George Fox gets $1.2 million federal grant to fight U.S. opioid epidemic
The numbers are startling: Every day, according to the National Institute on Drug Abuse, more than 130 people in the United States die from an opioid overdose. In 2017, 1.7 million Americans suffered from a substance abuse disorder stemming from opioid prescription drugs and 21 to 29 percent of patients who are prescribed opioids for chronic pain are known to misuse them.
There is no question there is rampant opioid drug abuse in America and that a national response is imperative. Last week, two members of Oregon's congressional delegation announced that federal funding to support prevention and treatment efforts in Oregon will involve a familiar local entity: George Fox University.
The Newberg school is among the recipients of more than $7.8 million in federal grants targeted at efforts to treat and prevent opioid addiction, it was announced by U.S. Sens. Ron Wyden and Jeff Merkley, the only other school being Oregon Health & Science University. Specifically, George Fox received a $1.2 million grant to provide integrated care at two locations in the state: the Chemawa Indian School Primary Care Clinic near Keizer and the Providence Medical Group in Newberg.
The money granted to GFU – administered by the federal Health Resources and Services Administration, a branch of the U.S. Department of Health and Human Services – will allow the school to provide $25,000 annual stipends to eight doctoral students for three years. Those students are charged with treating at the two clinics individuals stricken with two disorders that stem from opioid abuse: Opioid Use Disorder (OUD) and Substance Use Disorder (SUD).
All told, according to a press release from the university, each student will provide free services for a minimum of 12 patients per week, meaning that as many as 4,600 patients will be served by the program over the course of a year. The grant also provides funding for telebehavioral health services, what the university described as the practice of using technology to provide access to behavioral health services. The new technology is designed "to reach people in underserved rural areas who experience transportation barriers," the release said.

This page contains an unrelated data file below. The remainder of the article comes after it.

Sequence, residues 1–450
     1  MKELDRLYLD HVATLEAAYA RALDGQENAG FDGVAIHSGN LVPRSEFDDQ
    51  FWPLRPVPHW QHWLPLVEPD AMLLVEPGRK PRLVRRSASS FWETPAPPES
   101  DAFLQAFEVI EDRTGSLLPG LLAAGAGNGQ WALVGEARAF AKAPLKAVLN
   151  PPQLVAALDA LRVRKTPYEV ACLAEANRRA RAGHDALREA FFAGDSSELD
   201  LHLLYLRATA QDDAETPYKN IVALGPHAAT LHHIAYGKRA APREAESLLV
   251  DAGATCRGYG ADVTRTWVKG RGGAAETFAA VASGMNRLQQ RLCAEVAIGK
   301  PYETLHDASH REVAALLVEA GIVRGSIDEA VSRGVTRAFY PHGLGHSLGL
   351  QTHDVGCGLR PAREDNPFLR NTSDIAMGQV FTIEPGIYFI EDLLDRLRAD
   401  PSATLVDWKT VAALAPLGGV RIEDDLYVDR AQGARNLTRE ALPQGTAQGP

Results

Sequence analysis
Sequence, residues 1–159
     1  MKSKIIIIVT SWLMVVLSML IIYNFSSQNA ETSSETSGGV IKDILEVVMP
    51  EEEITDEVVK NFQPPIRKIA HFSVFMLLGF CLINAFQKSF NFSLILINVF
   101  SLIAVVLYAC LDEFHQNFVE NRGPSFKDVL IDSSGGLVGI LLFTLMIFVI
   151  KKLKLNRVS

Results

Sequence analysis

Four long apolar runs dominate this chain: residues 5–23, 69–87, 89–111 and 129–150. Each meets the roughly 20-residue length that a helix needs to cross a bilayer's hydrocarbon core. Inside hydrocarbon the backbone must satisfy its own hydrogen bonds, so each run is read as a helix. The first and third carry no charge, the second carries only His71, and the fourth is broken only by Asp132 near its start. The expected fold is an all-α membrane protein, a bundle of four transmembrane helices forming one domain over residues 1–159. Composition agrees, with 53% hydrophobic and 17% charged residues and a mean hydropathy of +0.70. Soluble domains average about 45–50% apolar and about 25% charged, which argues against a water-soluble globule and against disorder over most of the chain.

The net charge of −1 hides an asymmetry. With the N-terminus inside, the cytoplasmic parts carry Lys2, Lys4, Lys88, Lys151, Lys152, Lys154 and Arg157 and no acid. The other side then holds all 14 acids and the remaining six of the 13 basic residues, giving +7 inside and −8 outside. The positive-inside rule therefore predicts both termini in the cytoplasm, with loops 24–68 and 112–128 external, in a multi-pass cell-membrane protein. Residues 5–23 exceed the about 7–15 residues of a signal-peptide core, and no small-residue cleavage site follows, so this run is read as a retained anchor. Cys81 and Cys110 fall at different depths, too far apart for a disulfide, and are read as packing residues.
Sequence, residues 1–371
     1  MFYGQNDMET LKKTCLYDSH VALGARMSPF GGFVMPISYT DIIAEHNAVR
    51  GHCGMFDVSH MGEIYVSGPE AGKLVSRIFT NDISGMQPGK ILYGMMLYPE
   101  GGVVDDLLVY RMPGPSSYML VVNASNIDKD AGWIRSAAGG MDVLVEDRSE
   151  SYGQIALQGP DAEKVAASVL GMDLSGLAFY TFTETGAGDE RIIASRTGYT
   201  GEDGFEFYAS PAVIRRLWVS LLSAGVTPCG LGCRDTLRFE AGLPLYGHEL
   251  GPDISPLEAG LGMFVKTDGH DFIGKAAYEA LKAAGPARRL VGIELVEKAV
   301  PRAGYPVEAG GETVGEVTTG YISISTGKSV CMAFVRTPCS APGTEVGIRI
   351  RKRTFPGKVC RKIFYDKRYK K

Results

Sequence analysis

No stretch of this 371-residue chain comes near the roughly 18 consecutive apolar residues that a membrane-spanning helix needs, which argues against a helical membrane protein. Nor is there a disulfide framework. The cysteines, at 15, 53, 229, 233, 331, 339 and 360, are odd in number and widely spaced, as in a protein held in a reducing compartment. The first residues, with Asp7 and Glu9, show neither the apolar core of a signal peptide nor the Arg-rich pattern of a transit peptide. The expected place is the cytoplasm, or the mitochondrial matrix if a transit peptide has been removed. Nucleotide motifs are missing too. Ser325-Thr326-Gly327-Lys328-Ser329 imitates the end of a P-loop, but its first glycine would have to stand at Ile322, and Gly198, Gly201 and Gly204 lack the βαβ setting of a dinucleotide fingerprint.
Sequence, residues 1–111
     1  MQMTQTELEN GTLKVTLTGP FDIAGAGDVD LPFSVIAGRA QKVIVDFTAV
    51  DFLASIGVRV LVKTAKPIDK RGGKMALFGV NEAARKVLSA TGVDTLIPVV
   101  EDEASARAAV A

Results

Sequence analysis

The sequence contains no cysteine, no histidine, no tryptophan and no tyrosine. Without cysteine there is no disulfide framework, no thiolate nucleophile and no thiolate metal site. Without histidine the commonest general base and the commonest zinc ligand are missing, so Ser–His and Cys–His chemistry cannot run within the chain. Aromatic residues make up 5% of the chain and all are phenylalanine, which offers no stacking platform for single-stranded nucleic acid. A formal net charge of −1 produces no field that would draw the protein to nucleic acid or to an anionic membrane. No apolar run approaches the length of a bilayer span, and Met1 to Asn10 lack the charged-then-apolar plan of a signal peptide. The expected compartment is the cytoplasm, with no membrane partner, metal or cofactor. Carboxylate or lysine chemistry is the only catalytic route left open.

"This (grant) gives us the opportunity to serve people within our community by taking clinical services to the places they go, rather than expecting them to navigate barriers, which include a lack of mental health benefits, cost and transportation challenges," Mary Peterson, chairwoman of the school's Graduate Department of Clinical Psychology, said. "There is an opioid use epidemic in this state and a dearth of services to rural residents. This is a huge win for both our students and faculty, as well as the people we will serve."
A side benefit is that the grant will provide support for faculty development of a health service psychology component of the schools' doctor of psychology program.
"What this grant does is further the innovative partnership between George Fox and Providence and allow future providers to offer cutting-edge treatment in behavioral health care," Robin Henderson, Providence's chief executive of behavioral health, said. "Normally, these treatments aren't reimbursable. Not only will this help us optimize what we are doing now, but expand upon it and hopefully make it scalable to replicate it."
The students enrolled in the program are specializing in two emerging areas of practice – medically-assisted teams and telebehavioral health – in settings where the school has already established partnerships, the release said. Roughly 70 percent of the grant, school officials said, will go toward the student stipends and training for students and supervisors. The remainder will cover equipment and stipends for supervision.
"This really puts George Fox on the radar in the field of integrated health services," Peterson said. "And it strengthens relationships at Chemawa and with Providence that we already had, building off a foundation we've built the last several years."
Peterson praised the efforts of a two people instrumental in landing the grant – Glena Andrews, the GFU director of clinical training in the school's psychology program, and Kristie Knows His Gun, director of the program's primary care track. She also lauded Merkeley's help in the process as a member of the Senate Appropriations Committee.
"I have heard heart-wrenching stories from Oregonians who have lost loved ones after a prescription for an injury or treatment turned into an addiction," Merkley said in a release. "The opioid crisis will require a multi-pronged approach and that's why in addition to introducing the Opioid Treatment Surge Act, which would require the drug companies that flooded the market with improperly marketed opioid drugs to pay for a dramatic increase in treatment, I've used my seat on the Senate Appropriations Committee to fight for these grant resources. This funding will support programs that are critical to helping our communities respond to this crisis and save lives."
Wyden mirrored Merkley's comments: "Oregon communities battling the opioid abuse that's devastating families across our state can use these resources to make real gains in substance use treatment and prevention. … All these steps are needed urgently to reverse the human cost of opioid abuse that surfaces far too often in Oregon homes and neighborhoods."
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